Advocating for member-owners cooperatives on state task force - Great River Energy

Advocating for member-owners cooperatives on state task force

As Minnesota moves toward a carbon-free energy future, the state permitting process for transmission projects has risen high on the list of issues that need to be addressed, and it is expected to be a key focus at Minnesota’s legislative session this year.

Building transmission lines, such as the 180-mile Northland Reliability Project that Great River Energy is developing and building with Minnesota Power, can often take up to 10 years or longer, in part due to the lengthy timeline to develop a route and secure a certificate of need and route permit from the Minnesota Public Utilities Commission (PUC). These important permits are required to construct the transmission lines.

Last year, the PUC requested a task force look for ways to improve the permitting process for renewable energy and transmission line projects. Great River Energy’s Dan Lesher, manager of permitting and land rights, participated on the task force.

“Cooperative members bear the burden of hosting more transmission infrastructure on their property than anyone else. Great River Energy’s role on the task force was to advocate on behalf of our members.”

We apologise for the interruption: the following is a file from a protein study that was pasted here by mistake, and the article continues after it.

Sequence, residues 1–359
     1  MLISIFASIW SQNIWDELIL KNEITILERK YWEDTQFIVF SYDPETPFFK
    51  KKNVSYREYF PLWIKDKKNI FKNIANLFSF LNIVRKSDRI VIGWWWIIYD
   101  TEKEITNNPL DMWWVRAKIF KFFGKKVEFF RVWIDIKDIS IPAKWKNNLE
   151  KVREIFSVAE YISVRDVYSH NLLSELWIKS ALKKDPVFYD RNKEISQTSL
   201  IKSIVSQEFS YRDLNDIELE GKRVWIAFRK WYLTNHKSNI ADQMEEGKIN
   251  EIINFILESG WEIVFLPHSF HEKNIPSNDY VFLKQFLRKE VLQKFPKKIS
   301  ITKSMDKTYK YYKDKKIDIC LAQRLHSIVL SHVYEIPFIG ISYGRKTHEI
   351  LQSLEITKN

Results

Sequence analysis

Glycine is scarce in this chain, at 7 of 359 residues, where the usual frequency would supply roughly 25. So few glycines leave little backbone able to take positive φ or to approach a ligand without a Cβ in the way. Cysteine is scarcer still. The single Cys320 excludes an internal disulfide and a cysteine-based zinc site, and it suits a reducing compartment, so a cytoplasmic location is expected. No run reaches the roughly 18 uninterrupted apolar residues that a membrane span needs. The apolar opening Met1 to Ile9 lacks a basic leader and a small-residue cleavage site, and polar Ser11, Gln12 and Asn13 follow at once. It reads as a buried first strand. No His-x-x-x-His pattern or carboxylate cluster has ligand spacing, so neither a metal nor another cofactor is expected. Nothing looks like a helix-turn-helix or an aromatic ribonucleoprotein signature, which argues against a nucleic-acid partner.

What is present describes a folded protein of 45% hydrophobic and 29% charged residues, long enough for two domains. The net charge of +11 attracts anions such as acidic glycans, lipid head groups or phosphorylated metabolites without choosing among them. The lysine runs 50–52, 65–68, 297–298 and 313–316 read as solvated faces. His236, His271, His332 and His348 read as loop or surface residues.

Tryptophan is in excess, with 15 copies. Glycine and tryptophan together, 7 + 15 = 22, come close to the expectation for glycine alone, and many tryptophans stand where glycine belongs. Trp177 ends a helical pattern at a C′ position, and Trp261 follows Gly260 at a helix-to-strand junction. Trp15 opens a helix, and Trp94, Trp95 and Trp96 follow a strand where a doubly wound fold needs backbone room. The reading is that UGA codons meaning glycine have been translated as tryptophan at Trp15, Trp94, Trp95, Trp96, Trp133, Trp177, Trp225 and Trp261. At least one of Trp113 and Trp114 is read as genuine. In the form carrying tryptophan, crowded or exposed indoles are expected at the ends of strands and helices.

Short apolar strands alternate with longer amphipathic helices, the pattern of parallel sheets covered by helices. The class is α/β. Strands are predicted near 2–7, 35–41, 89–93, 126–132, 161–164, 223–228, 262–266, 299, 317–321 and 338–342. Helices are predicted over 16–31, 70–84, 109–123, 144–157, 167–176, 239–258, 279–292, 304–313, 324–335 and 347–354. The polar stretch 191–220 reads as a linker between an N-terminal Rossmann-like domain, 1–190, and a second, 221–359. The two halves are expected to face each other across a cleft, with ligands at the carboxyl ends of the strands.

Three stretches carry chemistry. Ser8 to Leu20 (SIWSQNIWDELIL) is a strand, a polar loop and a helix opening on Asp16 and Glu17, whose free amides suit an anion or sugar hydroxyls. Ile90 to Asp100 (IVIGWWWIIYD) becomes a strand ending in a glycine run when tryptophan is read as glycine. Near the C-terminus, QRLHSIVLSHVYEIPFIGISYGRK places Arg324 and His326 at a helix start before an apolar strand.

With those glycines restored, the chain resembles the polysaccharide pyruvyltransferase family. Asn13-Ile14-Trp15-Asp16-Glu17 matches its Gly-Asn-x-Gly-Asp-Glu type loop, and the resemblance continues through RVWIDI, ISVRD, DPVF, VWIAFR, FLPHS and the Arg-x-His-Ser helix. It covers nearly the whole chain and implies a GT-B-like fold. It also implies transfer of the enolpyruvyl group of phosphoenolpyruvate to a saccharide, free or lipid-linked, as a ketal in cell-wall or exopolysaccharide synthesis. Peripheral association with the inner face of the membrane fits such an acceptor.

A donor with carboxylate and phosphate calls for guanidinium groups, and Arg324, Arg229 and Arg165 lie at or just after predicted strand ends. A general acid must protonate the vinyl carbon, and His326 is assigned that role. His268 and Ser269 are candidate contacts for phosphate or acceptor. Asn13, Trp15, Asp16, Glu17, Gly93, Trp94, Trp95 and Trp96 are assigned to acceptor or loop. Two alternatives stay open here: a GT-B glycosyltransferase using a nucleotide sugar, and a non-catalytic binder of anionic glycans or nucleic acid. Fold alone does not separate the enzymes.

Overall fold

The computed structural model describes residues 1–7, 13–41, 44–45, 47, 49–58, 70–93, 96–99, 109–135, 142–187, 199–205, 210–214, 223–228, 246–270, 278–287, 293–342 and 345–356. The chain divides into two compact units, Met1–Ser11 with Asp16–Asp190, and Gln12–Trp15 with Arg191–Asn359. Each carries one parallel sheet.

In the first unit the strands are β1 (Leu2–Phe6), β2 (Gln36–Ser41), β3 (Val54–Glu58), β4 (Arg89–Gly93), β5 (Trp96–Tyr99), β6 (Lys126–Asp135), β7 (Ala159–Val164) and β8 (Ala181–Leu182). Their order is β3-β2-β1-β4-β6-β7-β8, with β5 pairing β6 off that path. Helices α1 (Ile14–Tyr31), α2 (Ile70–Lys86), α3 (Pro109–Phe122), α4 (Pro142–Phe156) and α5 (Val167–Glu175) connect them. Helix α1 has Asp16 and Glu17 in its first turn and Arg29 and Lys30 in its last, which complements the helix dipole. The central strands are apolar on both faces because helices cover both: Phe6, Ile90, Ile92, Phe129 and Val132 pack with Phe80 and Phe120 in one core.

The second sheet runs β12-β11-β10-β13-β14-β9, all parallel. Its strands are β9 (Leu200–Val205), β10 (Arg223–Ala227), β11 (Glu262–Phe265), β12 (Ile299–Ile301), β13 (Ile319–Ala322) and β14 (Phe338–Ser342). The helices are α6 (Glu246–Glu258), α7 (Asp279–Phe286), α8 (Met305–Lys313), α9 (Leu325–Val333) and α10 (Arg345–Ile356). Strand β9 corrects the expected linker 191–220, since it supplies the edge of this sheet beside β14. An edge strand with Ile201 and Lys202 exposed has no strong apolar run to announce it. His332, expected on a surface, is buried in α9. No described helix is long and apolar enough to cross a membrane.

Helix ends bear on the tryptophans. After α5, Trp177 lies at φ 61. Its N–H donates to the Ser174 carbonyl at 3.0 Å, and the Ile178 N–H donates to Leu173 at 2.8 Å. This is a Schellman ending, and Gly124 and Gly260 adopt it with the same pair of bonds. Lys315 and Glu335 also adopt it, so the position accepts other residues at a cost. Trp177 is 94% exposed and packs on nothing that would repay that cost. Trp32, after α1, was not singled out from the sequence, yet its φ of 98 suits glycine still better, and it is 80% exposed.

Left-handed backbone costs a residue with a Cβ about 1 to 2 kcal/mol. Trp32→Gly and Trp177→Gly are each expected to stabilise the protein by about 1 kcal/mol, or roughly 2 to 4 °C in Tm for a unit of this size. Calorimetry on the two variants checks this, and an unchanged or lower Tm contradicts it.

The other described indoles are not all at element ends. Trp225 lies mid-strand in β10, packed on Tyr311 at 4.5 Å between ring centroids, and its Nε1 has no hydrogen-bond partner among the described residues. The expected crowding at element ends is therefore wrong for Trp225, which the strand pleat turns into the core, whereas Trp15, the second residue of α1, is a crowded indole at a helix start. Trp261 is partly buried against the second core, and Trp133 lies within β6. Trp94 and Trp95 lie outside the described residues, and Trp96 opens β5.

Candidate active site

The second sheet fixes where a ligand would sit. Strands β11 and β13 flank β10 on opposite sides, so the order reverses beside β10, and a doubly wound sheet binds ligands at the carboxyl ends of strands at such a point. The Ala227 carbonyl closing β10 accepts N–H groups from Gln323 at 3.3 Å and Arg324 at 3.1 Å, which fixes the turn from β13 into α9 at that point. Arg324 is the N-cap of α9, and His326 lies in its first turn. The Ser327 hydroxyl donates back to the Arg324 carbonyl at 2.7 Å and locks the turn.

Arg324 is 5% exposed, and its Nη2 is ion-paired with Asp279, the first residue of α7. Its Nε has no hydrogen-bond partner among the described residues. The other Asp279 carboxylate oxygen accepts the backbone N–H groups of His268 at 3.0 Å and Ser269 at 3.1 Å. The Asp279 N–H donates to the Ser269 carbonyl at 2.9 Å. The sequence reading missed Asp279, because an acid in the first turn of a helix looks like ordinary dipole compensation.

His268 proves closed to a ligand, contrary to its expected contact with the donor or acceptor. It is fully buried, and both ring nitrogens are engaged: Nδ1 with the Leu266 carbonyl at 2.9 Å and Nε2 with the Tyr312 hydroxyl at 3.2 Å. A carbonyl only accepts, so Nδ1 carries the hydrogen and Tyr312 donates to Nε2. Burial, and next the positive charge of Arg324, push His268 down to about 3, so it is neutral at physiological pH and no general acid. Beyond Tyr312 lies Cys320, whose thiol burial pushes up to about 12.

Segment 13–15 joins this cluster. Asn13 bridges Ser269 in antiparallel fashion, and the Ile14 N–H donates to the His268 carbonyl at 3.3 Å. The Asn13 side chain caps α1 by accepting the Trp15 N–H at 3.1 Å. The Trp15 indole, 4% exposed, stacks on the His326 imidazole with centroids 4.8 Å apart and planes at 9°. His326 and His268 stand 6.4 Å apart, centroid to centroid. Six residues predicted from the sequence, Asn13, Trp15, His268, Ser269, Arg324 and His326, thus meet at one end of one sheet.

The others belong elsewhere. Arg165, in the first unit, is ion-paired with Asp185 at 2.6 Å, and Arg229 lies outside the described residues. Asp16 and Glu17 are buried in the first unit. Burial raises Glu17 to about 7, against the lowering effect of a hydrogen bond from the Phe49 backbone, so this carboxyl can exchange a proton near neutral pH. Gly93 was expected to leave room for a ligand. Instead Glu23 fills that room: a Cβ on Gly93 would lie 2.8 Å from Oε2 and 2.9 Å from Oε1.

— Dan Lesher, Great River Energy’s manager of permitting and land rights

Lesher said task force members felt the current permitting process is not broken, but there are opportunities to make some sensible administrative and statutory changes to streamline the permitting process without taking away from public due process. The task force came up with a comprehensive list of 35 ideas, all of which are encapsulated in a recently released report.

“Great River Energy supports a number of these ideas; however, we want to be careful to not make changes that have unintended consequences. We do not want to remove important process and permitting regulation. Our number one priority is that our cooperative members have ample opportunity to be heard in the regulatory process,” Lesher said.

The task force took input from more than 30 organizations, including state agencies, utilities, energy developers, climate advocacy nonprofits and agricultural trade groups before compiling the 35 ideas for streamlining the process that either the legislature or the PUC could act upon.

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